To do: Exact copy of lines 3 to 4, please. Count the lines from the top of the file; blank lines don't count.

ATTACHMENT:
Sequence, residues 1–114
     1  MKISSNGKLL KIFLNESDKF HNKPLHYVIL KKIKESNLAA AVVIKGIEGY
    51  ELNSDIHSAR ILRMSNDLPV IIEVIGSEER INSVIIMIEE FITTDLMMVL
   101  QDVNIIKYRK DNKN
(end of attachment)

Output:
    51  ELNSDIHSAR ILRMSNDLPV IIEVIGSEER INSVIIMIEE FITTDLMMVL
   101  QDVNIIKYRK DNKN